Although slaves in ancient Egypt worked very hard and were at the disposal of their masters, ancient manuscripts and relics suggest that their lives were comparatively better than those of slaves in other cultures. In fact, there is very little distinction in Egyptian records between slaves and servants. Slaves were housed, fed, and given breaks throughout the workday. They also worked set hours, much like workers of today.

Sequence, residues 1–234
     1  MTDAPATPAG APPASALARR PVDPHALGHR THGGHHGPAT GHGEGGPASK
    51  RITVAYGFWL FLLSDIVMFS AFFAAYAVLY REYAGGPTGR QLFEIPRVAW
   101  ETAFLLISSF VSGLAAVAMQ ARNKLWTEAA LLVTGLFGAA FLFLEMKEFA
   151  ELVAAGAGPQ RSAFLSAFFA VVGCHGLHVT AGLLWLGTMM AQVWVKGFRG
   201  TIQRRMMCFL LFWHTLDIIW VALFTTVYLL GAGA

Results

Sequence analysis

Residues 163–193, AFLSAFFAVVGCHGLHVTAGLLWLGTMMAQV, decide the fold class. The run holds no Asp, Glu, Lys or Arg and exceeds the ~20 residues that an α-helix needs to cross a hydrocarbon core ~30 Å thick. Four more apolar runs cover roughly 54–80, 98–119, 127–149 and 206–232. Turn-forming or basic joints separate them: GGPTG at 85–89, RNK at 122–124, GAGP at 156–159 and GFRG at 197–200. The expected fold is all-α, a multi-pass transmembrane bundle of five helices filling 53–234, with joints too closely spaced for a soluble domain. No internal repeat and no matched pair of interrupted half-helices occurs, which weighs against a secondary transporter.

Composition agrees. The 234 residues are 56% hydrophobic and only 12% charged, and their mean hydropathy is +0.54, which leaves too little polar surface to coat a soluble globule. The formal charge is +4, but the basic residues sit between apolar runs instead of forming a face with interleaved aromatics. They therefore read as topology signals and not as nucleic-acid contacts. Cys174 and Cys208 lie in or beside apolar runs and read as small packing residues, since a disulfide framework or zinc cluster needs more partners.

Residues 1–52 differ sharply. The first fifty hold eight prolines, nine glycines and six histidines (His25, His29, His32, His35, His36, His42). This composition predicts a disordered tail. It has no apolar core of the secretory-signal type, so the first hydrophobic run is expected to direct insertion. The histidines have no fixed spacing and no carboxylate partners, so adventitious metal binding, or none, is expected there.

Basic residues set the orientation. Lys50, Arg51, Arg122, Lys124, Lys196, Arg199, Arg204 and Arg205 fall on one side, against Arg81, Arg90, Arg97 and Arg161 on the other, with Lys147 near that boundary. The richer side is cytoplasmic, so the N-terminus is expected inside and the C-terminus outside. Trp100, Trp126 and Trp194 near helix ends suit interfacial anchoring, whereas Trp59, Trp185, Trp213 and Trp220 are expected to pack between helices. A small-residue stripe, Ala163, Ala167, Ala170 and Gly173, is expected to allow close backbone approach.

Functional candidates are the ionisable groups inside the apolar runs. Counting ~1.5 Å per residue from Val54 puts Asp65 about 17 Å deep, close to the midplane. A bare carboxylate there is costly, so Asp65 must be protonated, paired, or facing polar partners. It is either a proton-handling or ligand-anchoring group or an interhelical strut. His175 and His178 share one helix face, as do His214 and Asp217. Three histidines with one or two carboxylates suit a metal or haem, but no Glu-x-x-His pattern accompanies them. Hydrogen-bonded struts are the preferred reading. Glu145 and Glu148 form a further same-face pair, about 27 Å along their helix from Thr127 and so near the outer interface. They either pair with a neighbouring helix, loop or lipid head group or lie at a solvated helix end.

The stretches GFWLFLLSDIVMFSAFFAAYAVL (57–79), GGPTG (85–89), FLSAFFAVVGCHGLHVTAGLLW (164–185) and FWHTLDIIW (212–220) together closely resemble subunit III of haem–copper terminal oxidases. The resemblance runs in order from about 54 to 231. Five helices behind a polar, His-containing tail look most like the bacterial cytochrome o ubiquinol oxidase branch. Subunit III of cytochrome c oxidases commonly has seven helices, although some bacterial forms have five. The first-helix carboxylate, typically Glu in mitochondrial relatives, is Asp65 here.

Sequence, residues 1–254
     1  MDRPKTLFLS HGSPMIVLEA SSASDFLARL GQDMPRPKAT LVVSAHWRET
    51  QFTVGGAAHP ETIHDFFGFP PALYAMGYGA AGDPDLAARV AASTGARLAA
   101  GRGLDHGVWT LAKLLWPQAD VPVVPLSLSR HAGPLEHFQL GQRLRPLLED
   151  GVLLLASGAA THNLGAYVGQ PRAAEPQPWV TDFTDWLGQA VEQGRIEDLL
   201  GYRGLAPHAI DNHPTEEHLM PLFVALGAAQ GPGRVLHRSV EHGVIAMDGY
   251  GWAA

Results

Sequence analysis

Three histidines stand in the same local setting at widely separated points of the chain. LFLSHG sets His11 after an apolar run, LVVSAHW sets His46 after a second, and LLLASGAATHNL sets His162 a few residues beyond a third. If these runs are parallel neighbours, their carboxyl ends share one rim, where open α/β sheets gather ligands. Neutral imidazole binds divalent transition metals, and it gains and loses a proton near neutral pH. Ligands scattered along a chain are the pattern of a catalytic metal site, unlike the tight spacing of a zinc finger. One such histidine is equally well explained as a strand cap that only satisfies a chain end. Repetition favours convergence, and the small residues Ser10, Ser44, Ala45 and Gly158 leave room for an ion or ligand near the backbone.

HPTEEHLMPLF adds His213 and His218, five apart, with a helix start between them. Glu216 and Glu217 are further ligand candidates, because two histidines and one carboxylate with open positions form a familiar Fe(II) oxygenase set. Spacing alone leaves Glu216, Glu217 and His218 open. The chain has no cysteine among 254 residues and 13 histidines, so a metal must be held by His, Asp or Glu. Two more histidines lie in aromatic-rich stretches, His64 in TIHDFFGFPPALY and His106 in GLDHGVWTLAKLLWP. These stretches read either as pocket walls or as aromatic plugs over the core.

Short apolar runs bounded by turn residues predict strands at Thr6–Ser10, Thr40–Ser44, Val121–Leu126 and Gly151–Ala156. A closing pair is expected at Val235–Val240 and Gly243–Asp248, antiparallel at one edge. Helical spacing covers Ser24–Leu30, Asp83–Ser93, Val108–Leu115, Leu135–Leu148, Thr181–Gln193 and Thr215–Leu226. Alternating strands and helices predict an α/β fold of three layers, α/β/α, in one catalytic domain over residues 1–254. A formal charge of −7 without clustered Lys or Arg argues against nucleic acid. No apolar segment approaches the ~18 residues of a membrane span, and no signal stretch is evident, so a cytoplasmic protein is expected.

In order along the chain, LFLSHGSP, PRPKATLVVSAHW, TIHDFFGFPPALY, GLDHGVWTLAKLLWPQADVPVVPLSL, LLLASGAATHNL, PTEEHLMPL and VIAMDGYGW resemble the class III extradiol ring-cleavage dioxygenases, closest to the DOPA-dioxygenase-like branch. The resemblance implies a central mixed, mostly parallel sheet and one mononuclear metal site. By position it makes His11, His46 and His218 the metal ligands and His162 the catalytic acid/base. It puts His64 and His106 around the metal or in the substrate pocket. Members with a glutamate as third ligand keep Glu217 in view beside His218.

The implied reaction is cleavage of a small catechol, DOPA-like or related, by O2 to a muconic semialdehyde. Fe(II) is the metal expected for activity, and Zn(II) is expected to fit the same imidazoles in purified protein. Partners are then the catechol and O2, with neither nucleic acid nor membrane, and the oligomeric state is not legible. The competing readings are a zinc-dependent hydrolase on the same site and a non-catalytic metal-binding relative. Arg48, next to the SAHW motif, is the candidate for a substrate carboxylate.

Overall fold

Slaves were primarily war prisoners in ancient Egypt. Contrary to the popular connotation of slaves as pieces of properties, in ancient Egypt, the connotation of slaves was that of someone who owed a debt to his master. Indentured servitude in early America is a better approximation to slavery in ancient Egypt than the institution of slavery in the United States. One likeness, however, is that slaves could be sold, traded or inherited. Children of slaves also became slaves when they were old enough to work. Since slaves were property, they did not have to pay taxes. Egyptian peasants did. Slaves, therefore, sometimes enjoyed a better standard of living than peasants, even though they were considered lower ranking in society. Scholars also now believe that, contrary to popular opinion, the great pyramids were not constructed by slaves who were forced to work under harsh conditions but by free skilled laborers who considered it a privilege to be selected to help build them.